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Letter
Mortality rate after pneumatic dilatation for achalasia: authors’ reply
  1. Philip R Harvey1,
  2. Prashant Patel2,
  3. Nigel J Trudgill1
  1. 1Gastroenterology, Sandwell & West Birmingham Hospitals NHS Trust, West Bromwich, UK
  2. 2Informatics, University Hospital Birmingham NHS Foundation Trust, Birmingham, UK
  1. Correspondence to Dr Nigel J Trudgill, Department of Gastroenterology, Sandwell General Hospital, West Bromwich B71 4HJ, UK; nigel.trudgill{at}nhs.net

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We thank Drs Van Hoeij and Bredenoord for their interest in our article.1 2 Their letter focuses on the observed mortality and perforation rates following pneumatic dilatation (PD) for achalasia.

It is important to recognise that, unlike the randomised controlled trial3 and systematic review4 quoted by Drs Van Hoeij and Bredenoord, our study was based on unselected subjects with achalasia receiving standard clinical care throughout England.2 Our study therefore contained much older subjects with more comorbidity, as Drs Van Hoeij and Bredenoord suggested. Twenty-six per cent of the cohort described in our article was over 77 years of age, in whom a 30-day mortality of 5.3% was observed. By comparison, in a randomised controlled trial of PD, 0% mortality was described in 96 selected subjects with a mean age of 46.4 (SD 15.6) years.3 Therefore, few, if any, PD subjects over 77 years of age were included in the trial and were at the increased risk of death seen in our study.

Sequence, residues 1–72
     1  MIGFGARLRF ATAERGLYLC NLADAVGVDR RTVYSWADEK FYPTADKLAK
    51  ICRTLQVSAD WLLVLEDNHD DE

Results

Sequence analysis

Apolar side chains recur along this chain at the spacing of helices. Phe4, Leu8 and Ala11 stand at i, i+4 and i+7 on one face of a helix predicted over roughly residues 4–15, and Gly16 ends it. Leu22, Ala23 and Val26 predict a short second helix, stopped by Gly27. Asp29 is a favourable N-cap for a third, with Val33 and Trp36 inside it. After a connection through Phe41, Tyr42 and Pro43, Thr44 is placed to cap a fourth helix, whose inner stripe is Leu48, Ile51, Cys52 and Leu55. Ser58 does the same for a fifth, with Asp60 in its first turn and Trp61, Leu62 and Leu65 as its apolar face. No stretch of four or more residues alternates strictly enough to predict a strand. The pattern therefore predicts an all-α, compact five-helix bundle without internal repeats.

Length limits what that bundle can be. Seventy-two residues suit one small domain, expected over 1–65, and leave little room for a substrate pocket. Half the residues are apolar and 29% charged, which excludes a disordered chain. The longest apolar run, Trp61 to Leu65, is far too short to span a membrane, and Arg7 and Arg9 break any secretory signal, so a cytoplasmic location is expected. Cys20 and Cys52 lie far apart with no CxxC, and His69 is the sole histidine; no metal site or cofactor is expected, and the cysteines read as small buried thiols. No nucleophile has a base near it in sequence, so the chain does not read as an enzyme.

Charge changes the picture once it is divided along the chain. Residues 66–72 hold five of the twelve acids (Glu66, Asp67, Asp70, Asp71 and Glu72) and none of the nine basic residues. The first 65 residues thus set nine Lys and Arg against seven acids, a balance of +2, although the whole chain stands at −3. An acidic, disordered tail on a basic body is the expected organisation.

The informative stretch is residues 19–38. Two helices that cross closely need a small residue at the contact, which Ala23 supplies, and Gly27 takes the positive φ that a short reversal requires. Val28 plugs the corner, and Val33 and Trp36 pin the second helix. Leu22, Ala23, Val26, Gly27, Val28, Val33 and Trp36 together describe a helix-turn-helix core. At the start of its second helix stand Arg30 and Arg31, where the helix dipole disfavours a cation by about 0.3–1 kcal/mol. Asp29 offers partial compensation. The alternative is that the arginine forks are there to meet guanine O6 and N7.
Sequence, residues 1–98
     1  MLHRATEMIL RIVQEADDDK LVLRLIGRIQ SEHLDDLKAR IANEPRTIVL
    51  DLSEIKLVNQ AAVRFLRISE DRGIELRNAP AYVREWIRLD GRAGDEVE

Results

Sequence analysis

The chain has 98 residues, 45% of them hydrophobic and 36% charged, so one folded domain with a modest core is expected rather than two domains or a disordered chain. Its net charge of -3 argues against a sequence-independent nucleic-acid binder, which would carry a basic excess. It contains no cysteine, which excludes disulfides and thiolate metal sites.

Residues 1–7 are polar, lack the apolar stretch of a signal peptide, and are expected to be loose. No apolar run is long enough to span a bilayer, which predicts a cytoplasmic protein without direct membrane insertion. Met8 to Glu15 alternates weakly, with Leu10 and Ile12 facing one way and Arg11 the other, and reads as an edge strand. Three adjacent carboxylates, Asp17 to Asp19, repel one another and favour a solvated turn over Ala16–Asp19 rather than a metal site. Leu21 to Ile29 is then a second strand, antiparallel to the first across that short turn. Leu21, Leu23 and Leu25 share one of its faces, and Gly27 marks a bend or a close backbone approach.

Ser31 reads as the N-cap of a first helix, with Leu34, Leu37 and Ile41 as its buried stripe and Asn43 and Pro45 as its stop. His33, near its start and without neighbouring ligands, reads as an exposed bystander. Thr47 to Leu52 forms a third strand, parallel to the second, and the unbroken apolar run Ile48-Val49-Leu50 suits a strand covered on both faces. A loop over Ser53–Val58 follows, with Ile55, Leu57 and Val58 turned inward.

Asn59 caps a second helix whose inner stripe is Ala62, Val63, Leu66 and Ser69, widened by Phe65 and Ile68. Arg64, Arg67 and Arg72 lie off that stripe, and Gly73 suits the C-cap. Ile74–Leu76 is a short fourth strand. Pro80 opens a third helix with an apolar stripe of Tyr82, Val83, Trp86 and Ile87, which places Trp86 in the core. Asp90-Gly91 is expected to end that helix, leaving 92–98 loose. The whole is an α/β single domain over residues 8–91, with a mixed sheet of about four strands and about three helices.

The observed mortality in our study could be related to achalasia itself, any component of the PD procedure or its aftercare, or a deterioration of an unrelated comorbid condition. Our results support other research suggesting that perforation is unlikely to lead to death, with mortality in the perforation group in our study between 0% and 8%. Unfortunately, a more precise figure is censored from publication due to the Hospital Episode Statistics database reporting guidelines for small values. We have previously reported that subjects with achalasia have an adjusted incident rate ratio of 1.33 (when compared with the background population) for all-cause mortality at any time after diagnosis.5 We therefore think that the increased mortality we have observed is likely to relate to disease-specific mortality and the age and comorbidities of the subjects included, rather than perforation-related mortality.

We agree with Drs Van Hoeij and Bredenoord that further data on mortality and the cause of death in comorbid subjects or subjects over 70 years of age with achalasia undergoing therapeutic intervention are an important area for future research, given the clinical dilemmas involved in recommending intervention to these patients.

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Footnotes

  • Contributors PRH, NJT and PP drafted and approved this letter.

  • Funding The authors have not declared a specific grant for this research from any funding agency in the public, commercial or not-for-profit sectors.

  • Competing interests None declared.

  • Patient consent for publication Not required.

  • Provenance and peer review Not commissioned; internally peer reviewed.

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